The Gbm Foundation and Centre for Epilepsy and Mental Wellbeing, was set up by Mrs Bibiana Taku in memory of her son Gabriel Bebonbechem. He lived and died at the prime age of 33, after having spent 18 years as an epileptic and eventually a mentally challenged. He was full of talents and potential, but his dreams, hopes and aspirations, were brought to a halt by his medical and stigmatised condition. In the words of his sister, he was a genius who ended up a simpleton, and she shares salient aspects of his perilous journey in the memoir published after his demise.
The Gbm Foundation and Centre for Epilepsy and Mental Wellbeing, therefore seeks to contribute towards the fight against all forms of stigma, rejection and abuses of epileptics and mentally ill, as well as towards the achievement of Gabriel Bebonbechem’s dream posthumously.
The Gbm Foundation for Epilepsy and Mental Wellbeing has identified different projects and programs for the implementation and execution of its goals, objectives and the attainment of its mission. It has equally identified various program outlines, methods and strategies which will be used to achieve its goals vis à vis its Country strategic plan.
The Foundation seeks and collaborates with various stakeholders in the epilepsy and mental health community. Such partners include other similar foundations and associations, advocacy communities, medical experts, schools, different stakeholders including government services, and other men and women of good will.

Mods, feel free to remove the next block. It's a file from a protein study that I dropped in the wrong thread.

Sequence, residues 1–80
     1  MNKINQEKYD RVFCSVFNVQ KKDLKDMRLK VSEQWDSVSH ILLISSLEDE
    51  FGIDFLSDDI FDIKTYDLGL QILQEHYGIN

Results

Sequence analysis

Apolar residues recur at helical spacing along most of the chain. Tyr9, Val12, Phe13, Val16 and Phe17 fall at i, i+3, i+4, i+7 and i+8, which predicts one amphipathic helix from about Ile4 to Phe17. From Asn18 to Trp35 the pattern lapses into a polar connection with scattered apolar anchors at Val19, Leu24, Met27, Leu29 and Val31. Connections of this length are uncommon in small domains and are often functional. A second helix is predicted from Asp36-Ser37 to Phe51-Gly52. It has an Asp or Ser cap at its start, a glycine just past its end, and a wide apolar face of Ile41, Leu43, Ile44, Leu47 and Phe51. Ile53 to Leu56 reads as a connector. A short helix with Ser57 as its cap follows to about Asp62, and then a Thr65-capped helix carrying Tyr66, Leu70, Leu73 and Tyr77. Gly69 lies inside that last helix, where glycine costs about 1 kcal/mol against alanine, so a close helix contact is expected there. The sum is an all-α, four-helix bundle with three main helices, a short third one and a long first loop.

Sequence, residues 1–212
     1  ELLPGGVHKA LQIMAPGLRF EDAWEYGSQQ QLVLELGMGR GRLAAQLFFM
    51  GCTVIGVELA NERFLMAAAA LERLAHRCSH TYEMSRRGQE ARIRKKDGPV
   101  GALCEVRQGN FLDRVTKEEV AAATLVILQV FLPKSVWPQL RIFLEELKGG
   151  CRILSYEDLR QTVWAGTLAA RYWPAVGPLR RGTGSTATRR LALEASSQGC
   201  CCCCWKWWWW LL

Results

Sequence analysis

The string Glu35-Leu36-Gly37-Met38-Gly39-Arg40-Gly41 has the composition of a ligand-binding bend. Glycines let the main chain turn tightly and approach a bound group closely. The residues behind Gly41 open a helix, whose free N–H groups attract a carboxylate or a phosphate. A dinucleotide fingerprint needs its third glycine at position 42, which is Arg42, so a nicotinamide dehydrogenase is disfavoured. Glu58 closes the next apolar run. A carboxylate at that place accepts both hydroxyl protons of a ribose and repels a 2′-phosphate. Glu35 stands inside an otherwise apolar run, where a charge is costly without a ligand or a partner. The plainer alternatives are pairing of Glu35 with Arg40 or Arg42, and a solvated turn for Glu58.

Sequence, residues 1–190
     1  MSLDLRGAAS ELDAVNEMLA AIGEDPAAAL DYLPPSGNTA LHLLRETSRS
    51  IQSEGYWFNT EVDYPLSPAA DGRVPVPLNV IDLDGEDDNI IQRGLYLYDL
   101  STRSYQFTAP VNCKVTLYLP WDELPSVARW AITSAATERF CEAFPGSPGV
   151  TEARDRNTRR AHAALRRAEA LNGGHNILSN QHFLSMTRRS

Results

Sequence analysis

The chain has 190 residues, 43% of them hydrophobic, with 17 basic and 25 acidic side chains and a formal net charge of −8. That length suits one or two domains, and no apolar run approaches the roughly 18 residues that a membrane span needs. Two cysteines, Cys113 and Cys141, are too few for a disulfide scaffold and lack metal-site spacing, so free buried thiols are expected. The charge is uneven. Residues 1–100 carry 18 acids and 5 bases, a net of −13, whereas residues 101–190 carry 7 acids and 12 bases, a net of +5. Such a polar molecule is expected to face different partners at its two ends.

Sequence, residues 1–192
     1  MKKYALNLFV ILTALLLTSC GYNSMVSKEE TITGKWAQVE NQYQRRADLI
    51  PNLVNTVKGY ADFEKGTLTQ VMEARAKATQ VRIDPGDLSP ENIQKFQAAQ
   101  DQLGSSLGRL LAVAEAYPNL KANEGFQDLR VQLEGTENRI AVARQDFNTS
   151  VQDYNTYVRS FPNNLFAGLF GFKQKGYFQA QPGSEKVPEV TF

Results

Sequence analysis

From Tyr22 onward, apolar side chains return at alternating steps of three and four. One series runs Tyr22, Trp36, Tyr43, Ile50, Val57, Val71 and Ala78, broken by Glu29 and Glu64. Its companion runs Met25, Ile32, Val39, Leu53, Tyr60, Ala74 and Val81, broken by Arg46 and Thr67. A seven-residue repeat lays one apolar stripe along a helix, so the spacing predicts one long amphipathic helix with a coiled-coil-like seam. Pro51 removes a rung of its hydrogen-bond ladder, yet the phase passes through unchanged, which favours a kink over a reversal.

The Gbm Foundation for Epilepsy and Mental Wellbeing is among the pioneer of such outreach and advocacy initiatives in the geographical region of Cameroon in Africa. There is so much potential and advantage for the creation and sustainability of such a laudable programme and subsequent projects, because of the impact which could be derived from the implementation of its different programs.
There is no doubt about the ravages of epilepsy and mental illness in our societies. The sufferers, their families, other care givers like the school communities, and society as a whole, go through so much pain with each new case of an undiagnosed or diagnosed epileptic or mentally disordered. Even the medical community is still at a loss with regards to any conclusive research and findings on the causes of such debilitating disorders, nor the best treatments and management protocols for such patients.
Social and appropriate medical public policies are still largely wanting in Africa, and a recent survey by WHO of 45 African countries, revealed that only 19 of them had any relating policies in place. This leaves much to be desired, hence the Foundation’s collaboration with government services in place.